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Modern day Brazil was inhabited as far back as 8,000 years ago by migrating hunters who traveled from Asia by land or coastal sea routes. The Portuguese, who eventually settled much of this land, did not arrive until the 15th century. Motivated by competition with Spain, and inspired by advances in navigation, Portugal first sailed toward Brazil in search of a path to the Far East. They were granted land rights below a north-south line through an agreement with Spain known as the Treaty of Tordesillas. An expedition commanded by Pedro Alvares Carbral then formally claimed the land on behalf of the King of Portugal. Brazil was finally settled in 1532 by São Vicente. Later, a system of twelve “captaincies” united it under Tome de Souza.
As the new colony began to prosper, interest grew from other European countries. In 1630, the Dutch occupied the northeast, and the city of Recife flourished under Count Maurits, but the Dutch were eventually driven out. Settlement in Brazil remained heavy on the east coast until a boom beckoned people from all over the country to move inland in search of gold and, later, diamonds. A group of bandeirantes (colonial scouts) pushed west in search of riches and slaves; they established outposts where many of today’s Brazilian cities still exist.
Throughout the next two centuries, Portugal benefited from Brazil's prosperity through a series of taxes and restrictions that were common for the time. In 1788, Jose da Silva Xavier led an unsuccessful movement for independence from these practices.
That independence came years later, after Napoleon Bonaparte invaded Portugal and the Portuguese royal family fled to Brazil. When the war was over and they returned home, their son, Pedro, declared independence and later became Emperor of Brazil. He later abdicated to his five-year-old son, Dom Pedro II, who officially took over at the age of 15 and led Brazil through a period of progress and expansion. After freeing all slaves in Brazil in 1888, Dom Pedro II was overthrown in favor of a new republican government.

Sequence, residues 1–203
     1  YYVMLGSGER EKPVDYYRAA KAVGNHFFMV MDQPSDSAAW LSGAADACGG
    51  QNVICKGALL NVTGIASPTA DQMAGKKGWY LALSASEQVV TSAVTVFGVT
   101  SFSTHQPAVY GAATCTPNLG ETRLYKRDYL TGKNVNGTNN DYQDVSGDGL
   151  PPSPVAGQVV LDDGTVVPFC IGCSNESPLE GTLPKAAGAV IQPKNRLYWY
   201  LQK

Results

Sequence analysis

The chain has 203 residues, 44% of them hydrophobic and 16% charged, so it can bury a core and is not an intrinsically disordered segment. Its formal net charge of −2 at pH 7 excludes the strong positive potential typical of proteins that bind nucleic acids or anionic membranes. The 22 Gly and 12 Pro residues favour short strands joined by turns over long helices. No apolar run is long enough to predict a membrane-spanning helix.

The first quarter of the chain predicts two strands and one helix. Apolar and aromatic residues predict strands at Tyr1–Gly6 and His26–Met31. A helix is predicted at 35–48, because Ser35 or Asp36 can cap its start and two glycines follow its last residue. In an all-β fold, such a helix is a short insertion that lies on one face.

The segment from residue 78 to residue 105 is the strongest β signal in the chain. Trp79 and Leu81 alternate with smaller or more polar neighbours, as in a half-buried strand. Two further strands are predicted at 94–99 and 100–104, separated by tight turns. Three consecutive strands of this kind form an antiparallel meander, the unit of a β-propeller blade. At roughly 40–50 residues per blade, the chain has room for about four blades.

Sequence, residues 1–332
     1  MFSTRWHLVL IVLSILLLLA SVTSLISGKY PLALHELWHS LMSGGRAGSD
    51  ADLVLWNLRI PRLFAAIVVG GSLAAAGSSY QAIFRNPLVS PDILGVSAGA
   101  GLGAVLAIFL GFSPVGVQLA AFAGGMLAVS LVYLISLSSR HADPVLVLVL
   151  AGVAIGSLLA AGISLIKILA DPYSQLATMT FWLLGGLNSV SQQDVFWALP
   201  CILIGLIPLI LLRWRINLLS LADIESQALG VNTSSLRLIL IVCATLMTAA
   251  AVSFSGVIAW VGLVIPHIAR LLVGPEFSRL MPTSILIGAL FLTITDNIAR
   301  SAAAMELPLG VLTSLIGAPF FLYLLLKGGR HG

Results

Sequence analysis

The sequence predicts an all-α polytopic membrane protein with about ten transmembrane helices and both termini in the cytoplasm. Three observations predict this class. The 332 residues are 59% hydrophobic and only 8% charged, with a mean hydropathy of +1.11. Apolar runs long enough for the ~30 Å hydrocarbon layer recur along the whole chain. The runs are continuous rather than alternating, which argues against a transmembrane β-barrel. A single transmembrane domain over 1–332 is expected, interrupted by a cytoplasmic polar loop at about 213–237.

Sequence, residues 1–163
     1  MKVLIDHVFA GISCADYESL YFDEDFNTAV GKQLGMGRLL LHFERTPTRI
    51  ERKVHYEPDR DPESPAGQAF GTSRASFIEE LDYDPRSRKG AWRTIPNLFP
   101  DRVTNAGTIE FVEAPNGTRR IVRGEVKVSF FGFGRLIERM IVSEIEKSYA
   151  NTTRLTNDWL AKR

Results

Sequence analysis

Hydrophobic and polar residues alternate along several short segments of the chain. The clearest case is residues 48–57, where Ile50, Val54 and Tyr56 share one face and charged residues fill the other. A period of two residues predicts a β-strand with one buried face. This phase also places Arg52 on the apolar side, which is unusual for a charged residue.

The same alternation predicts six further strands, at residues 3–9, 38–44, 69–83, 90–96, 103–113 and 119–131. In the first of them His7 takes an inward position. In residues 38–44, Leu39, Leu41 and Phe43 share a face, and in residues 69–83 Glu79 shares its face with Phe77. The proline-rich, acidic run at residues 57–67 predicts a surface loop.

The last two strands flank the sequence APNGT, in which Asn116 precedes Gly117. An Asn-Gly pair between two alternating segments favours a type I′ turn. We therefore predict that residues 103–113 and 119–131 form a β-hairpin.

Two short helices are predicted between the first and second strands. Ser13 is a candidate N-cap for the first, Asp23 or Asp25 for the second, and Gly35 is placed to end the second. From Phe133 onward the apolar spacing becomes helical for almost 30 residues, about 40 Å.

The Republic saw Brazil through World War I and the Great Depression, but was overthrown by a military junta. Getúlio Vargas outlawed the elected government and replaced it with the Estado Novo. Vargas instituted nationalist policies, developing the countries vast resources and uniting Brazil with the Allies during World War II. He was later accused of corruption and asked to resign, but committed suicide in 1954. Military-appointed presidents followed until 1985, when a civilian was again elected to the presidency. Brazil then entered a period of economic prosperity and, in 1989, returned to a democratic government.